Social networking is an obvious one. You can upload videos to the numerous video sharing sites available, but if, like the Mormon videos, you may want to drive people back to your primary site, don’t upload all of them to YouTube or Vimeo or whatever else you use. Upload only a few teaser ones with links to your primary site.
Putting up links to short teaser videos, announcements of them, and links to a complete video site are obvious content choices for your church’s Facebook, Twitter and similar sites. We have recently assigned a person in our adult education class at church to be our “internet evangelist.” Her job is to continuously update our Facebook and Twitter accounts, plus interact and link with the main church site and the various members Facebook pages.
Don’t forget the power of paper
If you’ve done some things online that you and your people love, follow the lead of many national advertising companies and use print to inform people that the online material exists and to link them to it. Check out your snail mail this week and note how many advertisements, especially in the form of postcards, are created to get you to a website.
You can either do a postcard mailing from your church or you can create postcards in church office, and make up enough of them for every person in the congregation to have 3 of them. Put them in the church bulletin and then on Sunday morning, have the Pastor ask everyone to give or mail them out to friends or neighbors who might like to look at your videos.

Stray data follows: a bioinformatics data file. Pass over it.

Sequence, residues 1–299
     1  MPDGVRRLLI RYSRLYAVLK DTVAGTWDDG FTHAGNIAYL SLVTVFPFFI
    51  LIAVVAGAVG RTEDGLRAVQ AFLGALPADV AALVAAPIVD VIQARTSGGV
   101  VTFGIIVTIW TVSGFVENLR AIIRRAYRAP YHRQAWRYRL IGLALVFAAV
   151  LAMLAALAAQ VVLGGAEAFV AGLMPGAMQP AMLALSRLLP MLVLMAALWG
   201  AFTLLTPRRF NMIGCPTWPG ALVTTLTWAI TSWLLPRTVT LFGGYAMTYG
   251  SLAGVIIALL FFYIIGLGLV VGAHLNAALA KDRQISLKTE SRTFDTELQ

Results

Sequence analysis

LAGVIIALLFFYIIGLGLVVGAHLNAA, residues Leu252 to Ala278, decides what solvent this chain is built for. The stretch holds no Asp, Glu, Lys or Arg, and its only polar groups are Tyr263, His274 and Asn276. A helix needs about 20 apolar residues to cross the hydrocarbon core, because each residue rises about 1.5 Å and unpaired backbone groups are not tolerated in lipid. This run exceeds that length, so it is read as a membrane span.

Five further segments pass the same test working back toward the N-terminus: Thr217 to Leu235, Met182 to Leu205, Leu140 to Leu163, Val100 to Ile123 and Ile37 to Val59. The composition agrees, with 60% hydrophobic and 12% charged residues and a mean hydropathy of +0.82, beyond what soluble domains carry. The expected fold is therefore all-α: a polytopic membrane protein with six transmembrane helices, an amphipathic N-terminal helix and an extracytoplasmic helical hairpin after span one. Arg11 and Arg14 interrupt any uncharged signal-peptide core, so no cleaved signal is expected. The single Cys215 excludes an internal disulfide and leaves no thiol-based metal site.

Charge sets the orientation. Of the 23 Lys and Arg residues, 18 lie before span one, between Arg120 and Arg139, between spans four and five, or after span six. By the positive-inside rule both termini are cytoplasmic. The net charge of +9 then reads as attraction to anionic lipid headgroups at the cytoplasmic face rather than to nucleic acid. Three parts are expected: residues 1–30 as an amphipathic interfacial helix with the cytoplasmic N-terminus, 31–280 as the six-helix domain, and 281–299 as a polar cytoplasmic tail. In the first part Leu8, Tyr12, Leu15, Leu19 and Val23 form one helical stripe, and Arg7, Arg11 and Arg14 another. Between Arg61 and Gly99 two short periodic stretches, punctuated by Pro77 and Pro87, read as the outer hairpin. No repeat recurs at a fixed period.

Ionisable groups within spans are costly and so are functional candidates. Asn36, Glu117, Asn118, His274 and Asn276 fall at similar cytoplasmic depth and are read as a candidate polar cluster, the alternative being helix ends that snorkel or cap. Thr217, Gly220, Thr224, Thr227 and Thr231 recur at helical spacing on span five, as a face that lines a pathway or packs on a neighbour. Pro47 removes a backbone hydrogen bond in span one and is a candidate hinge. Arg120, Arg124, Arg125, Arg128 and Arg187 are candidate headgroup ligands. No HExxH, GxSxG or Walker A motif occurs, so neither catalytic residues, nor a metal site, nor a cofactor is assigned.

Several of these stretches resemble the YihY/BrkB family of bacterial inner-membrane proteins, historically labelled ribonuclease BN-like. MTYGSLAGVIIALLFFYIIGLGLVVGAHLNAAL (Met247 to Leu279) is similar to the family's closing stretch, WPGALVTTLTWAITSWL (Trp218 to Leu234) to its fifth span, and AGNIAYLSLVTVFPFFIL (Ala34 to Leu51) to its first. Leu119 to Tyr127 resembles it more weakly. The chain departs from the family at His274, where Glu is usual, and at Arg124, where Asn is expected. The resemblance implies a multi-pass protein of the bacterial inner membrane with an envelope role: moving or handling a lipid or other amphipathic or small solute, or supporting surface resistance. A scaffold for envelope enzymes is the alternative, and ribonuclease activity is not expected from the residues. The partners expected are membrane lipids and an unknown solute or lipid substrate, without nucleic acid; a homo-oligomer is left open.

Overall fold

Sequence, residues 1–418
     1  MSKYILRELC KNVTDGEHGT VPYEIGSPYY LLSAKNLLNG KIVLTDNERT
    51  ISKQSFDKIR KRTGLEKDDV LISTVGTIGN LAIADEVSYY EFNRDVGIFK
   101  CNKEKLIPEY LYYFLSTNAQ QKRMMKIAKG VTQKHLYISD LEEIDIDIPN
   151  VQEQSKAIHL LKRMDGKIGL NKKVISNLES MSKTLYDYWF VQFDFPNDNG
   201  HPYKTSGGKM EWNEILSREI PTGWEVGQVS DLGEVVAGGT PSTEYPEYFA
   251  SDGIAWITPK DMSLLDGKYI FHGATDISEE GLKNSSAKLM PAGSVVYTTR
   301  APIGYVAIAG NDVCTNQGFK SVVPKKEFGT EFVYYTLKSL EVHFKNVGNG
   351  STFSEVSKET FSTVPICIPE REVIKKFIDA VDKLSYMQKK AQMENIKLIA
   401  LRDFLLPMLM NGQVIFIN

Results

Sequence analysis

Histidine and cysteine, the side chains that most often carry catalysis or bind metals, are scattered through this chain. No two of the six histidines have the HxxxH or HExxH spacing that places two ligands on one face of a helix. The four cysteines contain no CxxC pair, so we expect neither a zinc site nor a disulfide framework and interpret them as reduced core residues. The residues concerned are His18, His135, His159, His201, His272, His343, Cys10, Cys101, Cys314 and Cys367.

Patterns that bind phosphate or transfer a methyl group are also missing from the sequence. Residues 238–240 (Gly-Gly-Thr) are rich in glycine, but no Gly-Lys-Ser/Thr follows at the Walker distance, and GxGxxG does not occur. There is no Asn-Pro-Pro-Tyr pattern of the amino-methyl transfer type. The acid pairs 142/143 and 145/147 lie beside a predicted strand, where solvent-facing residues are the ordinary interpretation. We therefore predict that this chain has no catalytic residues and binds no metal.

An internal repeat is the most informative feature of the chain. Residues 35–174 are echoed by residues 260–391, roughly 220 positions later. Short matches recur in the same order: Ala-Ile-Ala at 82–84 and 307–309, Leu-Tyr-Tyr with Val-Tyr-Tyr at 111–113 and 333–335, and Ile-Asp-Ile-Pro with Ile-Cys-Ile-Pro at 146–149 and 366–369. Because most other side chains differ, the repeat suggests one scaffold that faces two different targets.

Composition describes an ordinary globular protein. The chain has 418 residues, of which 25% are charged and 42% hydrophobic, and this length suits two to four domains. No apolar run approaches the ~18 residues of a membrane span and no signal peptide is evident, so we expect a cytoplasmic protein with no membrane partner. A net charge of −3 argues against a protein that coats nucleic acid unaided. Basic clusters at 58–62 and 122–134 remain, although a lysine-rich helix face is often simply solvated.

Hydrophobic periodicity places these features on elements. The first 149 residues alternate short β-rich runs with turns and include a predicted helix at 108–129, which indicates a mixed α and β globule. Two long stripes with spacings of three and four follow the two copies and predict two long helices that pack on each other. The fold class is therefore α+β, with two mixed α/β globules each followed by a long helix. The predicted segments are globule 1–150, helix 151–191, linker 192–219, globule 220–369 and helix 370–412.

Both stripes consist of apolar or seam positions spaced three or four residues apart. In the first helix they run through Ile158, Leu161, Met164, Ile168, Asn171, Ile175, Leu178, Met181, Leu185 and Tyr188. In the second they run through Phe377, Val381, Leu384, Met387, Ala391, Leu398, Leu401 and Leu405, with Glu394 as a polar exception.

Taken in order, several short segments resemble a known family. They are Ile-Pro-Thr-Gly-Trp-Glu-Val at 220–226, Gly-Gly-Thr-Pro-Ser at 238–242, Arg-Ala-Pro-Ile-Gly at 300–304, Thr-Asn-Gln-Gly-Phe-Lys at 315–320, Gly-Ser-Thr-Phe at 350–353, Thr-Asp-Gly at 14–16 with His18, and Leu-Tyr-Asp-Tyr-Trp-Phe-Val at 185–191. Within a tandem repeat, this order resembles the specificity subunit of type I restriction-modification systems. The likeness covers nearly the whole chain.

We’ve found business cards with a condensed message are a great way to get people to our church and ministry websites. Make up a large number of them for the members of your congregation, give them out and encourage people to pass them on to friends. In the midst of life, we have lots of conversations and if your people are excited about some videos you have produced online, maybe even if they are part of it, they will want to tell their friends about it. Always having a business card with you that has the URL is a great way to share and connect with friends.
The pastoral uses of paper
Creating print items for your people to give out accomplishes lots more than simply adding another communication channel. You are also involving your people in outreach in an active, hands-on way.
Outreach is the task of everyone in the church—not just of those whose job it is to create professional communications while the people in the pew sit quietly and wait for new people to come. When you have invitation cards or postcards and everyone is involved in handing them out, they will most likely talk to the person to whom they are giving the card and nothing beats a personal recommendation for great marketing, whether it is for coffee or churches.
When the church is growing because people are involved in inviting, it also helps them be more welcoming when newcomers arrive—they are expected and prayed for.
Yes, it is more work to create the print communications and involve your people in using them, but remember when Jesus gave the Great Commission, he didn't pull aside a select group of marketers or pastors to go and share the gospel message. He gave the challenge to everyone listening. Sharing, marketing your church is everyone's job.
Video may not be the most powerful way to advertise your church, but if you create them yourself with honest, true content and use combine your use of video with other channels of communication; you will have a tool in the never-ending challenge of ministry to powerfully communicate your message.